Forum for Science, Industry and Business

Sponsored by:     3M 
Search our Site:

 

The planet, the galaxy and the laser: Inspiring images from Paranal

06.08.2007
On the night of 21 July, ESO astronomer Yuri Beletsky took images of the night sky above Paranal, the 2600m high mountain in the Chilean Atacama Desert home to ESO's Very Large Telescope.

The amazing images bear witness to the unique quality of the sky, revealing not only the Milky Way in all its splendour but also the planet Jupiter and the laser beam used at Yepun, one of the 8.2-m telescopes that make up this extraordinary facility.

"The images are not composite", emphasises Yuri Beletsky. "The camera was being tracked on the stars, which can be easily noticed if you look at the telescope domes on the image (they look a little fuzzy). The colour of the laser beam on the first image actually looks pretty close to what one can see on the sky with the unaided eye."

Most striking in the images is the wide band of stars called the Milky Way. Spanning more than 100 degrees in the first of these images, it shows the dust and stars that are part of our own galaxy, a spiral galaxy containing about 100 billion stars.

In the middle of this image, two bright objects are also seen. The brighter of the two is the planet Jupiter. The other is the bright star Antares. Another bright star, Alpha Centauri, one of the closest stellar neighbours to the Sun, is visible at the middle-left edge of the image.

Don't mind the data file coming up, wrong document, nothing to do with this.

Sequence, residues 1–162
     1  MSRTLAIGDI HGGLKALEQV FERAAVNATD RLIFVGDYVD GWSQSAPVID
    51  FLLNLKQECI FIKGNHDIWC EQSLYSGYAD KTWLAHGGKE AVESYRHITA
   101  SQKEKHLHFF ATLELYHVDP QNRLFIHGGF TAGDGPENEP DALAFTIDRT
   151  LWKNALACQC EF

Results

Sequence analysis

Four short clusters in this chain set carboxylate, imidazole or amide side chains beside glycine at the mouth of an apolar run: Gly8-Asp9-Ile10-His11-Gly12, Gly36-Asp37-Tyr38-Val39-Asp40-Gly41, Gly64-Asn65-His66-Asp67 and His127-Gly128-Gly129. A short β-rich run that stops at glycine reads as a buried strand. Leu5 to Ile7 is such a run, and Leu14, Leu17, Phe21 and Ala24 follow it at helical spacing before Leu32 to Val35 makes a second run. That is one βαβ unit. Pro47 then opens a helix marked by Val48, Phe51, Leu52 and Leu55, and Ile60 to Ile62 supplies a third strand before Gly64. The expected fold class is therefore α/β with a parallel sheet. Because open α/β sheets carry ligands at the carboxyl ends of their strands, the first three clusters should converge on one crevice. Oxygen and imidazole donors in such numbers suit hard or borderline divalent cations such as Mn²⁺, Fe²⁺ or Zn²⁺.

Three of the four domes that shelter the 8.2-m VLT's Unit Telescopes are visible on the first image. Streaming out of Yepun, Unit Telescope number 4, is the laser beam used to create an artificial star above Paranal, aiming directly at the centre of our own galaxy.

At the time the pictures were taken, astronomers were indeed using the SINFONI instrument (see ESO 21/04) to study the Galactic Centre, having a close look at the supermassive black hole that lurks in there.

With so many stars visible from the exceptional site of Paranal, one may wonder why it is necessary to create another, artificial, star? The answer lies in the very sophisticated instruments that are used on ESO's VLT. Some of them, such as NACO and SINFONI, make use of adaptive optics, a technique that allows astronomers to overcome the blurring effect of the atmosphere. This means that astronomers obtain images almost as good as if the whole telescope was placed in space, above Earth's atmosphere.

Adaptive optics, however, requires a nearby reference star that has to be relatively bright, thereby limiting the area of the sky that can be surveyed. To surmount this limitation, astronomers now use at Paranal a powerful laser that creates an artificial star, where and when they need it (see ESO 07/06 and 27/07).

Launching such a powerful laser from a telescope is state-of-the-art technology, whose set-up and operation is a continuous challenge. As seen from the images, this is, however, a technology that is now well mastered on Paranal.

The images were obtained with a digital camera and 10-mm optics, mounted on a small equatorial mount, and are each the result of a single 5 minute exposure.

Henri Boffin | alfa
Further information:
http://www.eso.org/public/outreach/press-rel/pr-2007/pr-33-07.html

More articles from Physics and Astronomy:

nachricht Astronomers find unexpected, dust-obscured star formation in distant galaxy
24.03.2017 | University of Massachusetts at Amherst

nachricht Gravitational wave kicks monster black hole out of galactic core
24.03.2017 | NASA/Goddard Space Flight Center

All articles from Physics and Astronomy >>>

The most recent press releases about innovation >>>